3. The sum of twenty ($20) dollars is hereby fixed as the fee to be paid by any person requesting that notices of meetings of the Township Council of the Township of Randolph during the 2009 calendar year be mailed to such person; but, as provided in N.J.S.A. 40:4-19, no charge shall be made to any newspaper requesting the mailing of such notices to its business office.
4. Certified copies of this resolution shall be mailed by the Clerk of the Township to the Randolph Reporter and the Morris County Daily Record and a certified copy shall be filed with the Clerk of the Township.
(4) Signatures on Checks
BE IT RESOLVED by the Mayor and Council of the Township of Randolph that the signatures of the Township Manager and Township Treasurer shall be required on all checks drawn against Township accounts.
(5) Official Newspaper
BE IT RESOLVED by the Mayor and Council of the Township of Randolph, Morris County, New Jersey, that the Randolph Reporter be designated as the Official Newspaper for the Township of Randolph for the year 2009 and the Morris County Daily Record is the “backup” Official Designated Newspaper and are hereby designated as the newspapers to receive legal notices for the Township of Randolph for the calendar year 2009.
(6) Certifying Agent to Police & Firemen’s Retirement System and Public Employees’ Retirement System
BE IT RESOLVED by the Mayor and Council of the Township of Randolph, Morris County, New Jersey, that Michael Soccio, Director of Finance, be appointed Certifying Agent for the Township’s Police and Firemen’s Retirement System and the Public Employees’ Retirement System for the year 2009.
(7) Assessment Search Officer
BE IT RESOLVED by the Mayor and Council of the Township of Randolph, Morris County, New Jersey, that the Municipal Clerk be appointed Assessment Search Officer of the Township of Randolph for the year 2009.
(8) Cash Management Plan
WHEREAS, the Township of Randolph adopted a Cash Management Plan on April 2, 1997; and
WHEREAS, the State of New Jersey amended the statutory provisions governing cash management plans and permitted investments; and
WHEREAS, the Director of Finance has amended the Cash Management Plan of the Township of Randolph to incorporate these provisions.
NOW, THEREFORE, BE IT RESOLVED by the Township Council, Township of Randolph, County of Morris, State of New Jersey, that the Cash Management Plan as amended be approved.
(9) Re-Establishment of the Municipal Alliance Committee
BE IT RESOLVED by the Mayor and Council of the Township of Randolph, Morris County, State of New Jersey that in compliance with P.L. Chapter 51 and the Governor’s Council on Alcoholism and Drug Abuse, the Randolph Township Municipal Alliance Committee is hereby re-established. The Municipal Alliance Committee pledges to work towards the following goals as directed in the Chapter 15 legislation.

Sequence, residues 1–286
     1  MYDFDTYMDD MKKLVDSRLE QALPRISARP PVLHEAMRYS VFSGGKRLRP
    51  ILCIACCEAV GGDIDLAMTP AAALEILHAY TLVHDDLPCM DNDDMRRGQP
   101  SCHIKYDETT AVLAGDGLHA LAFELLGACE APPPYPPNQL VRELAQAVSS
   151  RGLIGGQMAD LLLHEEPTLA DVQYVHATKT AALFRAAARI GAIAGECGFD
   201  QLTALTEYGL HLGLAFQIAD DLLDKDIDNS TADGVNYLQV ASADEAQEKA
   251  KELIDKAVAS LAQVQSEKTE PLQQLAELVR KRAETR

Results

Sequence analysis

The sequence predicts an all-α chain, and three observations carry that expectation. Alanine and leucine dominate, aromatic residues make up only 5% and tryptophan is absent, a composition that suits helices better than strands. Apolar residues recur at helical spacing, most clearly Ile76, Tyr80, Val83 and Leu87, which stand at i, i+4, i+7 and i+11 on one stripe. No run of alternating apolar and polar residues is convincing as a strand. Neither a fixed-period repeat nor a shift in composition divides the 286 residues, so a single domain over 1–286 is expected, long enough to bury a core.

1. Organized and coordinated efforts involving schools, law enforcement, business groups and other community organizations for the purpose of reducing alcoholism and drug abuse.
2. In cooperation with local school districts, comprehensive and effective alcoholism and drug abuse education programs in grades Kindergarten through 12.
3. In cooperation with local school districts, procedures for the intervention, treatment and discipline of students abusing alcohol or drugs.
4. Comprehensive alcoholism and drug abuse education, support and outreach efforts for parents in the community.
5. Comprehensive alcoholism and drug abuse community awareness programs.
BE IT FURTHER RESOLVED that the above mentioned Alliance will be recognized as an Ad Hoc Advisory Committee reporting to the Township Council.
BE IT FURTHER RESOLVED that the membership of the Randolph Municipal Alliance Committee may include, but not be limited to, the following representatives:
Mayoral alliance representative, Chief of Police, Board of Education President, Superintendent of Schools, Student Alliance Coordinator, representative of the Parent-Teacher Association, representative of the local bargaining unit for teachers, representative of the Chamber of Commerce, Municipal Court Judge, representatives of local civic association, representatives of local religious groups, private citizens.
BE IT FURTHER RESOLVED that the Randolph Township Municipal Alliance Committee be authorized to seek and secure funding from the County of Morris for 2009.
(10) Meeting Dates Resolution (Subject to Change)
WHEREAS, N.J.S.A. 10:4-6 et seq., known as the “Open Public Meetings Act” requires that all public bodies of the State of New Jersey provide adequate notice to the public of its intended meetings.
NOW, THEREFORE, BE IT RESOLVED by the Mayor and Council of the Township of Randolph, Morris County, New Jersey, as follows: